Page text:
This is where Eric came in. Upon his return to the North, he gatherd an army and took part in an invasion of the Margravate from the north. This would in turn would open up a route to Bohemia for him to support Sigismund’s crusade against the Hussites. The army was partly Scandinavian, but in large part made up of the same Pomeranians and Mecklenburgers who had defended against Frederick for half a decade. There was also a contingent of Teutonic forces joining Eric’s invasion. They not only wanted to support the crusade in Bohemia, but Frederick had also antagonized them with his ambition to recover the Neumark which had been pawned to the order in 1402. Frederick’s son John oversaw the defense of Brandenburg, but he was a bookish young man who found little joy in picking up a sword. With an already unruly bunch of nobles to deal with, no effective resistance could be organized, and the Margraviate was quickly overran. After two years of trying and failing to mount a counterattack, Frederick had to accept that his time as Margrave was over. He relinquished Brandenburg officially in 1427, on the condition that the electoral dignity would remain his until his death, much like Otto ‘the Lazy’ had done half a century before him.
The question was of course then what was to be done with Brandenburg itself. Border territories were picked off by opportunistic Pomeranians and Mecklenburgers, while the Order entrenched itself in Neumark, but the core territory of the Mark still needed a ruler. Sigismund knew he could not simply take it for himself, given how overextended his domain already was. It would have to go to someone he could trust not to immediately begin opposing him like Frederick had, who would provide support for him in Bohemia, and who would not act as a roadblock between Sigismund and Eric. The choice fell upon John of Palatine-Neumarkt, who had played a key role in supporting the invasion of Brandenburg from the south. A skilled commander who had achieved some of the Empire's rare victories against the Hussites, John had also been married to Catherine of Pomerania - Sigismund’s cousin and Eric’s sister, although she had passed in 1426. Their son and heir Christopher was thus Sigismund’s first cousin once removed and Eric’s nephew. John was himself a nephew of Frederick of Hohenzollern.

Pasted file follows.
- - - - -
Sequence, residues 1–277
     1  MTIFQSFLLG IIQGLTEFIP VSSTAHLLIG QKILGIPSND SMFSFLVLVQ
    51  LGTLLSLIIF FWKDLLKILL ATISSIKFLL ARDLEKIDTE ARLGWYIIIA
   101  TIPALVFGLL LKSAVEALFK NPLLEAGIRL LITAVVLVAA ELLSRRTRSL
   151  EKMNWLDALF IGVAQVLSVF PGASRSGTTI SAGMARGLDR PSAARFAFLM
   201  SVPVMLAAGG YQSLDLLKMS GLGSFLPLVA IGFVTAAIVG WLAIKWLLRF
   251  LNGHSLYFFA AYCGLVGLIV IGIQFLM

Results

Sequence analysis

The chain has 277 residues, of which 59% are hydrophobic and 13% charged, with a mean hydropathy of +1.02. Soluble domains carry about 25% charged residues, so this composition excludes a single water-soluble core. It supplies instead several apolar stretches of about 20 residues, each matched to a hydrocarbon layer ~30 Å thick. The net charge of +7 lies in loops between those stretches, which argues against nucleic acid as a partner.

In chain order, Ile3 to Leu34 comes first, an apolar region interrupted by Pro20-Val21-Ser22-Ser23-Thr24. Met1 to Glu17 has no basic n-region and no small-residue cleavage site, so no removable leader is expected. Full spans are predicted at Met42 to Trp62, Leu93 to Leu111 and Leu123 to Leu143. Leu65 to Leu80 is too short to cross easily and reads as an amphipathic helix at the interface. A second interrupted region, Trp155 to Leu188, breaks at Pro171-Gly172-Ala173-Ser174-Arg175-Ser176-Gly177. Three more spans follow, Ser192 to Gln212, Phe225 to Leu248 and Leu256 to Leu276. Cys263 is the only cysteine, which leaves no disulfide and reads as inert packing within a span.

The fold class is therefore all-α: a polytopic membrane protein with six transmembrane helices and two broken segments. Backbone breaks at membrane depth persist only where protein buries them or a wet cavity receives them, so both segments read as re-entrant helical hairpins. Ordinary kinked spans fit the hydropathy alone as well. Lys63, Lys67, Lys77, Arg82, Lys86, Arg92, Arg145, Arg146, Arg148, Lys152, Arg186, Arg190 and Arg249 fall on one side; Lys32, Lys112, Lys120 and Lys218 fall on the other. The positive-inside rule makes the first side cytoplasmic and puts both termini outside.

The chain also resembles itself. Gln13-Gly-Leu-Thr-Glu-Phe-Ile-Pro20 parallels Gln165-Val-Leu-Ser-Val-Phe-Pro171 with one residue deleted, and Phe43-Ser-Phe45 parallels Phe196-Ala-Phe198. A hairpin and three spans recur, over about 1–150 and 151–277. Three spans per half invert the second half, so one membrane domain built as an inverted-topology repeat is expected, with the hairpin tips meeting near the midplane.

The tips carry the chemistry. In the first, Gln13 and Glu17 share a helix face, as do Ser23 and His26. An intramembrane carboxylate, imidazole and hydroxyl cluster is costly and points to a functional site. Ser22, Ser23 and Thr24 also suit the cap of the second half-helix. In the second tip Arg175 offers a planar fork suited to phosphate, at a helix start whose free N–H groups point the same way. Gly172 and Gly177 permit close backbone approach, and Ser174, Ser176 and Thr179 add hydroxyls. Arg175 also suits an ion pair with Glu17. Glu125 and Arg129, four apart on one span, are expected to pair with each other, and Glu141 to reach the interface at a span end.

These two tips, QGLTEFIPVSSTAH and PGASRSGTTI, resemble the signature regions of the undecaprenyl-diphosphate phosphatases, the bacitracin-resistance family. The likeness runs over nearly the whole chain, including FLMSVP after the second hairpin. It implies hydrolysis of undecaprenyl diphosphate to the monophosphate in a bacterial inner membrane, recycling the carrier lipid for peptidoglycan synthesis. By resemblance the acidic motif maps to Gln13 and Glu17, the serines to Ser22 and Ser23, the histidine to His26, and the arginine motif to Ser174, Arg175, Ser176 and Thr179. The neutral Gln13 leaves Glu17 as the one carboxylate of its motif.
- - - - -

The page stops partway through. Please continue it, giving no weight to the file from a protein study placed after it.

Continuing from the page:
Thus, with the defeat of Frederick of Hohenzollern, the house of Wittelsbach returned to Brandenburg fifty years after having lost it, although a completely different branch of the family. It is likely that Eric had been the one to suggest John as new Margrave, it might even have been a demand for him to go through with the invasion. In either case, both Eric and Sigismund hoped that this meant the road between Bohemia and Scandinavia would be open, as Eric prepared to take his forces to fight in the Hussite crusade.